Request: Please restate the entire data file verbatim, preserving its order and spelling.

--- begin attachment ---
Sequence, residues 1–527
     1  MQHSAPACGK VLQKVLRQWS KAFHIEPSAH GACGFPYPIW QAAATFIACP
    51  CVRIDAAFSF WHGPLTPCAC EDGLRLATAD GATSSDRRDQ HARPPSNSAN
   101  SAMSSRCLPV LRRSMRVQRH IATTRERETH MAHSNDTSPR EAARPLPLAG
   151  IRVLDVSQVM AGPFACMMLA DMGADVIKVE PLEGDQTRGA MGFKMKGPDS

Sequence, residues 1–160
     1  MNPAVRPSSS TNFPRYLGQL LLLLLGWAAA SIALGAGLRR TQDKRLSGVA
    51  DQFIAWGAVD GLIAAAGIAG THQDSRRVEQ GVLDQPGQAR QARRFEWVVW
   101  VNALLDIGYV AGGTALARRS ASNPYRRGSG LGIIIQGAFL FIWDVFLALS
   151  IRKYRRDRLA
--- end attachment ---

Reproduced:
Sequence, residues 1–527
     1  MQHSAPACGK VLQKVLRQWS KAFHIEPSAH GACGFPYPIW QAAATFIACP
    51  CVRIDAAFSF WHGPLTPCAC EDGLRLATAD GATSSDRRDQ HARPPSNSAN
   101  SAMSSRCLPV LRRSMRVQRH IATTRERETH MAHSNDTSPR EAARPLPLAG
   151  IRVLDVSQVM AGPFACMMLA DMGADVIKVE PLEGDQTRGA MGFKMKGPDS

Sequence, residues 1–160
     1  MNPAVRPSSS TNFPRYLGQL LLLLLGWAAA SIALGAGLRR TQDKRLSGVA
    51  DQFIAWGAVD GLIAAAGIAG THQDSRRVEQ GVLDQPGQAR QARRFEWVVW
   101  VNALLDIGYV AGGTALARRS ASNPYRRGSG LGIIIQGAFL FIWDVFLALS
   151  IRKYRRDRLA